Health reform and rural business: debunking the myths

Ever since the federal health care reform bill was signed into law, I’ve heard no small amount of fear and dismay from business owners who worry that the cost of new mandates will force them out of business.

But a new report, issued this month by the Center for Rural Affairs in Lyons, Neb., suggests they don’t need to worry quite so much. In fact, Jon Bailey, the author of the report, says health care reform will benefit rural businesses in the long run by knocking down some of the barriers they’ve faced in obtaining affordable health insurance. Bailey writes:

While exempt from mandates requiring insurance coverage for employees, the tax credits provided by the law will make health insurance more affordable for businesses and provide an incentive to help insure employees. Over time as the primary features of the law are implemented and take effect, particularly the Health Insurance Exchanges, rural small employers will reap the benefits of pooling and larger group coverage that provides comprehensive, affordable, and continuous health care coverage for their businesses and their employees.

In the reams of stuff that has been written analyzing the health care reform bill, I’m not sure due attention has always been paid to its impact on rural America. Nor am I sure that people really have all the facts. It’s not surprising that most of us are still trying to figure out what’s in the bill; after all, it contains hundreds of pages filled with densely technical language and details. Just the same, there’s considerable misinformation floating around. Last week, for instance, I was following an online discussion during which someone lamented the fact that the bill failed to eliminate lifetime spending caps for insurance enrollees – a claim that simply isn’t true.

So it was interesting to read the paper issued by the Center for Rural Affairs, which is going to be the first in a series of papers examining the implications of the health care reform bill for rural communities.

One of the first myths Bailey debunks is the one concerning the insurance mandate. Bailey explains:

There is a general employer mandate in The Patient and Affordable Care Act as a part of the "shared responsibility" for providing health insurance. But the law specifically exempts from this employer responsibility any business with 50 or fewer employees (Section 1513). The result is that nearly all businesses in the nation, including those in rural areas, are exempt from any requirements or mandates to provide health insurance to employees and are free from any penalties for not doing so.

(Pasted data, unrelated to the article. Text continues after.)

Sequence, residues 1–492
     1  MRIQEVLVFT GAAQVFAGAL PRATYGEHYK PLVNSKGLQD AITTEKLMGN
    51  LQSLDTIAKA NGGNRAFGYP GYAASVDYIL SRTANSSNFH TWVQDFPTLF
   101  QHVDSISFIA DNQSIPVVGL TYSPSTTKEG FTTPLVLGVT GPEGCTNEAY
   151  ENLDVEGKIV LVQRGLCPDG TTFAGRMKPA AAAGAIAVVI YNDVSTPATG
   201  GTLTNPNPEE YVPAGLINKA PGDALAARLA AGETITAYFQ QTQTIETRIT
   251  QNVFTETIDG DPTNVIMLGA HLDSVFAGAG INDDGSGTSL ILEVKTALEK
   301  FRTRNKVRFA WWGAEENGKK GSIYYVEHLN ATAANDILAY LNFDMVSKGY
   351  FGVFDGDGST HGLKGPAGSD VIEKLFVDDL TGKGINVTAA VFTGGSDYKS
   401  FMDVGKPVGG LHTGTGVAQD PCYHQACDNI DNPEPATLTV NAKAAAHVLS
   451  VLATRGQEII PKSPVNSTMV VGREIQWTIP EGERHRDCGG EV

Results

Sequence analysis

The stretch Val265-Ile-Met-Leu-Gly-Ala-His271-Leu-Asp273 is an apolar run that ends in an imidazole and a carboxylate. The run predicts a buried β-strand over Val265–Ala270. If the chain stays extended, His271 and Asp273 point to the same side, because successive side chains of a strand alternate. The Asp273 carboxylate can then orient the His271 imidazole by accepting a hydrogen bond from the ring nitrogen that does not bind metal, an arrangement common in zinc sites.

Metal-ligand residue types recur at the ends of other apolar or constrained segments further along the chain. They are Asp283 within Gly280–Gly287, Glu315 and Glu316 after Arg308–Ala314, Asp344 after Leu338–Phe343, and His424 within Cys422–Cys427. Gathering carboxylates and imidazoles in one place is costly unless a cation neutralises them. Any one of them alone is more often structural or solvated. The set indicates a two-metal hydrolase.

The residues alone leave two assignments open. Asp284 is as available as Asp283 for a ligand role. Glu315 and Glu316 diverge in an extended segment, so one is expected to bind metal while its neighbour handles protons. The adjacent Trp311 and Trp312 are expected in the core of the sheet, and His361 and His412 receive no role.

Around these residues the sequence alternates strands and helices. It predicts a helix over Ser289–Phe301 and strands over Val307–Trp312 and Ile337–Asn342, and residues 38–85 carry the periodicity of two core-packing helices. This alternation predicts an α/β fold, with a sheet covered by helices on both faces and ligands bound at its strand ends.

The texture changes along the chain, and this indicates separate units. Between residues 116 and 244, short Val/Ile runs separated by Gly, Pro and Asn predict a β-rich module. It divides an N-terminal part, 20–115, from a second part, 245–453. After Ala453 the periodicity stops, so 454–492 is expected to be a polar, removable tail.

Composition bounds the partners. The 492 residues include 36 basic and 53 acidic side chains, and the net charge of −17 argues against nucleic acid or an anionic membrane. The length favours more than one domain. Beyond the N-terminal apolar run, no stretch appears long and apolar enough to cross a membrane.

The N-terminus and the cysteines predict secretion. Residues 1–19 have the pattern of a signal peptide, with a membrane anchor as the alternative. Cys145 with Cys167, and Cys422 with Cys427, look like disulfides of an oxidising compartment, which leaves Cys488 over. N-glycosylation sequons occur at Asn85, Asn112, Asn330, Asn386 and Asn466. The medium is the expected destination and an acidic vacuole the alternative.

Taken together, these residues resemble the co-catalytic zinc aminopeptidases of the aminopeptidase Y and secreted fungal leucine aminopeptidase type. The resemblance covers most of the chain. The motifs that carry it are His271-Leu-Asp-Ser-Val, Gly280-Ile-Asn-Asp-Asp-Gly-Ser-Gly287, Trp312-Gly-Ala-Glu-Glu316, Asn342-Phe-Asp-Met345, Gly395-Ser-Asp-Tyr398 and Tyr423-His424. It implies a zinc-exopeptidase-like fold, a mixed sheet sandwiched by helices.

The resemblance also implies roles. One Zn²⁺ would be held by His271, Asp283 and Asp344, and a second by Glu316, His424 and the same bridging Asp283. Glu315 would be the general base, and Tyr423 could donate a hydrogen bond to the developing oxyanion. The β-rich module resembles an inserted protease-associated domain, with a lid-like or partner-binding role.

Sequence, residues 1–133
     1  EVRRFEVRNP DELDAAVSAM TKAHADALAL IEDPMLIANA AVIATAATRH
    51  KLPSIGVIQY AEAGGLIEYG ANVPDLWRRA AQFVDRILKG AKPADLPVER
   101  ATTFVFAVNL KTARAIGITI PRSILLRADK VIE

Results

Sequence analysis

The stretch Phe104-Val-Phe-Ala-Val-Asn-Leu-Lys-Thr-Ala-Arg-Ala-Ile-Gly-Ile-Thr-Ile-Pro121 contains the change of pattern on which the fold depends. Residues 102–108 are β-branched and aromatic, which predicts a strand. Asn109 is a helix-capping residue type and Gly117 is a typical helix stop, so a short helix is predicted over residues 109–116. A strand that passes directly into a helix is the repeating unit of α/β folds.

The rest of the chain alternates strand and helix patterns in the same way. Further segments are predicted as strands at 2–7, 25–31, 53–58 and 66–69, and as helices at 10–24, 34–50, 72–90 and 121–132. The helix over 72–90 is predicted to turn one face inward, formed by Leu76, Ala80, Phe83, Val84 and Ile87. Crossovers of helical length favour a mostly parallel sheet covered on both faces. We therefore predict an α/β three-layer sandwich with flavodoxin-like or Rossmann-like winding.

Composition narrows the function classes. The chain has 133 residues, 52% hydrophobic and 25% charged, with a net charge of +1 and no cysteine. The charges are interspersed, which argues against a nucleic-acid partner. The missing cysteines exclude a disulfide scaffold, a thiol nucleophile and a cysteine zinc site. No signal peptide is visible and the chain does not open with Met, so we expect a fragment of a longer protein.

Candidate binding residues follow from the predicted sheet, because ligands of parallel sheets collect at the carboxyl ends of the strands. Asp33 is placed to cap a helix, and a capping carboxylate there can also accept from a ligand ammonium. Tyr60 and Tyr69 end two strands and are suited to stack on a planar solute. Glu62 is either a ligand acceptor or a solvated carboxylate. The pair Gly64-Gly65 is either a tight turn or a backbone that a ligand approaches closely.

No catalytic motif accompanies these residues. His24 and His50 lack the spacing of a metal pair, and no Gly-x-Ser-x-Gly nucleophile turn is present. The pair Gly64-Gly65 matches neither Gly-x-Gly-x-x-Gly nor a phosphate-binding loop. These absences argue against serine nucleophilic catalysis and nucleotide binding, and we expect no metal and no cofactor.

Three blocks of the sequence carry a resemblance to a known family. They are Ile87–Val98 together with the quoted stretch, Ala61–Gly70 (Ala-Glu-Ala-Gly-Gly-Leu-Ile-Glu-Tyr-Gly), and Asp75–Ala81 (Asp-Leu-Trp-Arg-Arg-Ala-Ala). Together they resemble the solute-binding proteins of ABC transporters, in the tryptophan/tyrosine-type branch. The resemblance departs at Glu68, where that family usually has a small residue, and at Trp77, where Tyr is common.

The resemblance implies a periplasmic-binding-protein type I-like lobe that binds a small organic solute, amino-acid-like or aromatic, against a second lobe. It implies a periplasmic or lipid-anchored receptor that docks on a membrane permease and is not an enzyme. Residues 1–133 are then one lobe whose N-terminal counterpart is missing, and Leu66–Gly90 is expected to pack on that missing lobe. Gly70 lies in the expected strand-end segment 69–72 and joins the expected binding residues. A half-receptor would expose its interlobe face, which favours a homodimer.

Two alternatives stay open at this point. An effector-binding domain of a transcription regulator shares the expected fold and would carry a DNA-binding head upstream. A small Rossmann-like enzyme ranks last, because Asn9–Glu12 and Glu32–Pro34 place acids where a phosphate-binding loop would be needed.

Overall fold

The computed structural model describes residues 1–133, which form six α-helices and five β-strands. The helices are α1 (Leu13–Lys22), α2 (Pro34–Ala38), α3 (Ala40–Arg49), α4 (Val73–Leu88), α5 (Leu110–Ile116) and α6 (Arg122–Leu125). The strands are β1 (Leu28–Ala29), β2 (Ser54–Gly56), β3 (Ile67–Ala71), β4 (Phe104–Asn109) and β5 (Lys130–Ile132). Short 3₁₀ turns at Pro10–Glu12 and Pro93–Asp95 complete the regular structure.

What about affordability? The law provides for a small-business tax credit to help small employers purchase affordable insurance. Bailey calculates that as many as 3.6 million small businesses will be eligible for this tax credit. Small businesses also will be allowed to join health insurance exchanges. Groups of small businesses can even form health insurance cooperatives if they choose.

Bailey also addresses one of the most persistent fears: that the health care reform bill will increase business taxes. It’s true that the bill creates some new taxes and increases other existing taxes, he wrote:

But the real question is who is responsible for those taxes. While each individual and business has unique circumstances that will determine tax liability, it is clear that most rural small businesses will not be affected by the tax changes contained in the Patient and Affordable Care Act.

Rural Americans have always been more likely than their urban and suburban counterparts to be uninsured or underinsured. (If you want to see a visual county-by-county breakdown, check out this map compiled by the U.S. Census Bureau.) In a rural economy dominated by farms and small businesses, the availability and affordability of health insurance has frankly been an issue. It’s not totally unreasonable to assume that entrepreneurship and workforce recruitment have been at least partially held back by concerns over health insurance.

Bailey’s analysis suggests that if some of the insurance barriers can be eased or removed, rural economies will eventually see some benefit. How this will play out is, of course, anyone’s guess. It’s worth keeping in mind, however, that health insurance isn’t just about keeping people healthy; it’s also about Main Street business. How do you weigh the cost to the economy of doing something about health insurance vs. the cost of doing nothing?

West Central Tribune photo by Carolyn Lange

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